We review the judge's dismissal of the complaint through the customary prism that governs summary judgment practice. The court must "consider whether the competent evidential materials presented, when viewed in the light most favorable to the non-moving party, are sufficient to permit a rational factfinder to resolve the alleged disputed issue in favor of the non-moving party." Brill v. Guardian Life Ins. Co. of Am., 142 N.J. 520, 540 (1995); see also R. 4:46-2(c). The court cannot resolve contested factual issues but instead must determine whether there are any genuine factual disputes. Agurto v. Guhr, 381 N.J.Super. 519, 525 (App. Div. 2005). If there are materially disputed facts, the motion for summary judgment should be denied. Parks v. Rogers, 176 N.J. 491, 502 (2003); Brill, supra, 142 N.J. at 540. To grant the motion, the court must find that the evidence in the record "`is so one-sided that one party must prevail as a matter of law.'" Brill, supra, 142 N.J. at 540 (quoting Anderson v. Liberty Lobby, Inc., 477 U.S. 242, 252, 106 S.Ct. 2505, 2512, 91 L. Ed. 2d 202, 214 (1986)).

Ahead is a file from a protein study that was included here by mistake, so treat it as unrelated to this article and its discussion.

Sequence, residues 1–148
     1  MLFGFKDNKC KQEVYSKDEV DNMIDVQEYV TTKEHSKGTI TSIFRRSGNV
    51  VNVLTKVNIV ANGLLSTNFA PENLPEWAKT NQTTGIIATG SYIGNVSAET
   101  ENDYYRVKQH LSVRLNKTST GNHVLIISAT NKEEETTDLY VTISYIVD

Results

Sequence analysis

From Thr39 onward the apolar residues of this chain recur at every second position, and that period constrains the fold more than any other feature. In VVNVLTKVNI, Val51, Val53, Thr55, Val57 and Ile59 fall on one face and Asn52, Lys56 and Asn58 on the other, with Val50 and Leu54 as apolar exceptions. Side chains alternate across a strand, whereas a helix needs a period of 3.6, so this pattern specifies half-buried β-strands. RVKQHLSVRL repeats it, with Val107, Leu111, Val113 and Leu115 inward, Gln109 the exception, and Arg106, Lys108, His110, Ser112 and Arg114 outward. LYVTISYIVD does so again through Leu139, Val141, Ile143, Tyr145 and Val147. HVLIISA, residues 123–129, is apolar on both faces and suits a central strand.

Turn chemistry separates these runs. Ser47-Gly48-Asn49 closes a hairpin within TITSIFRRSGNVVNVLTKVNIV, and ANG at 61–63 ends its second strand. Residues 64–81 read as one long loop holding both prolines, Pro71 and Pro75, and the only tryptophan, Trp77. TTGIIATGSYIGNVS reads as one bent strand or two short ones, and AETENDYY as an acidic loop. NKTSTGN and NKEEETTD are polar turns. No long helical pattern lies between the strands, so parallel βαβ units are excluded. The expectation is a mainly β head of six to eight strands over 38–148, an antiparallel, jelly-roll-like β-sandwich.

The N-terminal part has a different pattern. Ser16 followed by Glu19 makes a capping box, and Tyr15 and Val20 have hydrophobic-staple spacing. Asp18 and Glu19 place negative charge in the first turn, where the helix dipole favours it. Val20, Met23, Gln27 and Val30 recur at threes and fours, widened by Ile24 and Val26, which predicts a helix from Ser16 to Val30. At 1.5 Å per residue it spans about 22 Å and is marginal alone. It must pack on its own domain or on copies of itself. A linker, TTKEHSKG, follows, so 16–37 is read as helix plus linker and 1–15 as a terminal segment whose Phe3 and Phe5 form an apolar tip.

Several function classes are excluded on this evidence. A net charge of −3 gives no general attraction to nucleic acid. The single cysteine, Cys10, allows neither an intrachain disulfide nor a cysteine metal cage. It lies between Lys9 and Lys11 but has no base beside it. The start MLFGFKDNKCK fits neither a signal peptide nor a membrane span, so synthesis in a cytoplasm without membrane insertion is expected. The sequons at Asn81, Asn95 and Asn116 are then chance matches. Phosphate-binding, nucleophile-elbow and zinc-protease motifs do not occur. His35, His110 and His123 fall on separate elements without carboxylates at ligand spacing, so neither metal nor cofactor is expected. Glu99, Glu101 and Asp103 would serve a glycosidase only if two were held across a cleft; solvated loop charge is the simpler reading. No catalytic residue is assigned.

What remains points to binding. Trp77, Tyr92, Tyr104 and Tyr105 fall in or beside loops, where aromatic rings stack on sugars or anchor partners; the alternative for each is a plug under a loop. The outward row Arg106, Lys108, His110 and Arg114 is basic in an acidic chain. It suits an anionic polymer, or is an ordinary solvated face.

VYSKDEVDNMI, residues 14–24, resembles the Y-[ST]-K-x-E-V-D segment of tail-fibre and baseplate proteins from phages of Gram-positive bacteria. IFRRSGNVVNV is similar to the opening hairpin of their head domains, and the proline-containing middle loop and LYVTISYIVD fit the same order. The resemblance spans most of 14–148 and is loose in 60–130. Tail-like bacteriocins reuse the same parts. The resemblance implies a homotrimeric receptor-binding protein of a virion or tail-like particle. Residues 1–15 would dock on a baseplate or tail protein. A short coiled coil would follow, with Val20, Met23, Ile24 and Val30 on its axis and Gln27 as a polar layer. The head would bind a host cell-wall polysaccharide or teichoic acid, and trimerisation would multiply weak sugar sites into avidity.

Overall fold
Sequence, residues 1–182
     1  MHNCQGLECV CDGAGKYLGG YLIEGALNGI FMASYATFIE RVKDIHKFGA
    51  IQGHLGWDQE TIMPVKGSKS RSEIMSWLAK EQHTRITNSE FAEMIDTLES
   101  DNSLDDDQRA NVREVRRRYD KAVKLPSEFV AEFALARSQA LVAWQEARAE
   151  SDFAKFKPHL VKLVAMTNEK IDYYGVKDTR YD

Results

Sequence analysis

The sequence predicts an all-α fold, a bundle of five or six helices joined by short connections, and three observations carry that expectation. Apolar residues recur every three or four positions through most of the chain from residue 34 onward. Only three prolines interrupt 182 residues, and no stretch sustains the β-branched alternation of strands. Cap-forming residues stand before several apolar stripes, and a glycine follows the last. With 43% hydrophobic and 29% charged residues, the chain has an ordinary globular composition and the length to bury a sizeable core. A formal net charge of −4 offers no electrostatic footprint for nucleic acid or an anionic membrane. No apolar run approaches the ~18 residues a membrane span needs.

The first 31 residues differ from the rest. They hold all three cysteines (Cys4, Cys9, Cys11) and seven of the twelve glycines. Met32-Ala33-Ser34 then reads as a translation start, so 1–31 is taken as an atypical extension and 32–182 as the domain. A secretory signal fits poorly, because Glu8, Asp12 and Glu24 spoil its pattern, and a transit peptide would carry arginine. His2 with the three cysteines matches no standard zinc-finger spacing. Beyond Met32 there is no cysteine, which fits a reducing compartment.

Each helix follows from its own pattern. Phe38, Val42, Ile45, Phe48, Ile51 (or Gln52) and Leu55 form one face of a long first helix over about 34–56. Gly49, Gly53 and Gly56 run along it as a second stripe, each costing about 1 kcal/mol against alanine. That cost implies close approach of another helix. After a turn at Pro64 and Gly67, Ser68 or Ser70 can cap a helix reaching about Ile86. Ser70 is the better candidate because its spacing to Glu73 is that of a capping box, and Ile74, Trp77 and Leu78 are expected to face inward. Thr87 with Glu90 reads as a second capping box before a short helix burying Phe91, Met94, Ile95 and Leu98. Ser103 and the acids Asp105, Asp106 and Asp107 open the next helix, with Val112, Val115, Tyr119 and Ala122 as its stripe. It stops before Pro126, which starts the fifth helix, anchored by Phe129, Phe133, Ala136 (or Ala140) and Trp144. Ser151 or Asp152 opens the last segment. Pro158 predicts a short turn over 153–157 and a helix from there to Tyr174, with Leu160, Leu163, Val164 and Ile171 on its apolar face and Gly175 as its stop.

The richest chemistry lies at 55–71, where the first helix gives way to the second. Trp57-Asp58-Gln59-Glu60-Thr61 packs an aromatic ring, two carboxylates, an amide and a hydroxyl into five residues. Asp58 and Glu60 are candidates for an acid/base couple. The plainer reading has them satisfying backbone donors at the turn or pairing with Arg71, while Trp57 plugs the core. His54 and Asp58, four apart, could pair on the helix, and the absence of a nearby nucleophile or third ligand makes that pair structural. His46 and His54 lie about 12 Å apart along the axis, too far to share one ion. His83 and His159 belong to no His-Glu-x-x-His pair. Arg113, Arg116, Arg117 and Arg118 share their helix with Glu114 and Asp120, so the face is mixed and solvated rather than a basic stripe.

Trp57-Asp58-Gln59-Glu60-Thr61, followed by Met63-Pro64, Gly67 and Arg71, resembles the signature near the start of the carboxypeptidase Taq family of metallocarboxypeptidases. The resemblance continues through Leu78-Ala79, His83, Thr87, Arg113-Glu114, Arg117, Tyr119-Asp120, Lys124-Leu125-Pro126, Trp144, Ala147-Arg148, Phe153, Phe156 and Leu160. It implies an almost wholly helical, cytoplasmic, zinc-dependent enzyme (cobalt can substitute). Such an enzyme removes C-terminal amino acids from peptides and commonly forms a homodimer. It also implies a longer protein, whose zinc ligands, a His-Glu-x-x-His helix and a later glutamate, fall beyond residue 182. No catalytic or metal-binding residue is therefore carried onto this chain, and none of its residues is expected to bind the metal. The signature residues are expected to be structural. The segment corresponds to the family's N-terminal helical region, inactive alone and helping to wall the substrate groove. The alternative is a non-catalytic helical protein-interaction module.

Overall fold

Our review of an order granting summary judgment must observe the same standards, including our obligation to view the record in a light most favorable to the non-moving party — here, plaintiff. See Estate of Hanges v. Metro. Prop. & Cas. Ins. Co., 202 N.J. 369, 374 (2010). We accord no special deference to a trial judge's assessment of the documentary record, as the decision to grant or withhold summary judgment does not hinge upon a judge's determinations of the credibility of testimony rendered in court, but instead amounts to a ruling on a question of law. See Manalapan Realty, L.P. v. Manalapan Twp. Comm., 140 N.J. 366, 378 (1995) (noting that no "special deference" applies to a trial court's legal determinations).